Mainly I would say there are two reasons for that. One, is it just a burdensome task to go through all these different variants of genetic variations and try to associate them with a disease. So that takes up a lot of time. As you know, time is really scarce acid and the medical space. And the other thing is knowledge. So we still don’t know enough about the genetic causes of many diseases, even if they’re what we call a monogenic. Even if they’re caused by a single gene, it’s really hard to to get to the root of that with genome sequencing. So by combining these these different types of technologies or different approaches, we aim to significantly increase the value of genome sequencing. Another project that we’re working on and this actually was publicly announced is a partnership with a contracted research organization called CO Events, one of the largest COO’s out there. We’re working on improving the recruitment of clinical trials for clinical trials and the rare disease space. So there is really limited access to patients with rare diseases and that causes delays and even sometimes puts at risk the actual trials, which means that all the drug development efforts that are depending on these trials are hindered. Sometimes drugs don’t come to market. We want to fix that. So that’s really exciting. And then finally, we’re working with pharma on specifically where there are already drugs on the market that could benefit patients with rare diseases. One of the problem is we can’t find these patients in time to have the treatments efficient or effective. So we’re trying to work with pharma on identifying patients at risk earlier in life and being able to deliver these lifesaving drugs to them. So a lot of but everything is really exciting and we’re working really hard to get that done.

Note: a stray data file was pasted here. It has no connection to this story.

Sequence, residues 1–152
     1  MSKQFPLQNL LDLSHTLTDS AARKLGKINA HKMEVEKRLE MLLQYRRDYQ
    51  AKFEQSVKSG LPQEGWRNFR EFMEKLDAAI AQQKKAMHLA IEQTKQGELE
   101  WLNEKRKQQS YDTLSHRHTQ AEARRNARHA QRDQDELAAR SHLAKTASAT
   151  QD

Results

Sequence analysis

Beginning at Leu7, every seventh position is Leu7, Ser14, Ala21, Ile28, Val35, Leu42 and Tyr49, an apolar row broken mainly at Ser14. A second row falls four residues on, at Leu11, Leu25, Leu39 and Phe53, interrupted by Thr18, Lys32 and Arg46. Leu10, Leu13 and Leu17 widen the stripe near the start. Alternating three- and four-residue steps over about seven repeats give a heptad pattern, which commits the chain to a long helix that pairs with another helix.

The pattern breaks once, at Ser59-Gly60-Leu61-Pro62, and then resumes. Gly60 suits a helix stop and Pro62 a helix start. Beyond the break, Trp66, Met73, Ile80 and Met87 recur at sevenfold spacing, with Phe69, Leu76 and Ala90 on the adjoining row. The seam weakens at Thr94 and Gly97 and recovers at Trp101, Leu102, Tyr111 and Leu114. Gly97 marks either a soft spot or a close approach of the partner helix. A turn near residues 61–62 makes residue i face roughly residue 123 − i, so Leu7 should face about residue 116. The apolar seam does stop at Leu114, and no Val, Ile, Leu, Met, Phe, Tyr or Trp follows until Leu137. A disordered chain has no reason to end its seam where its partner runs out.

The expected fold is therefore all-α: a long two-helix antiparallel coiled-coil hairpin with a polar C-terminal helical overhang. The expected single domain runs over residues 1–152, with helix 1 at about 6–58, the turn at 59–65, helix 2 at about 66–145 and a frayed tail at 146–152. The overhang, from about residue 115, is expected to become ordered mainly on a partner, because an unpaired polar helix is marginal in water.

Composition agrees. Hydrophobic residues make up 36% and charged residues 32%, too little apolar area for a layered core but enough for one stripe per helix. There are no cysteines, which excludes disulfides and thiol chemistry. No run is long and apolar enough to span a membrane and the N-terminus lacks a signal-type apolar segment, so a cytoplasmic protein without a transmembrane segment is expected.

Saul Marquez:
Well, you know what Dekel, sounds like you definitely have a lot that gets you up early in the morning and just makes sure that you stay on top of it. So appreciate you sharing all those exciting updates and. So you were here at the point of the interview where we do a lightning round. I’ve got a couple of questions for you. Lightning Round style, followed by your favorite book recommendation for the listener. You ready?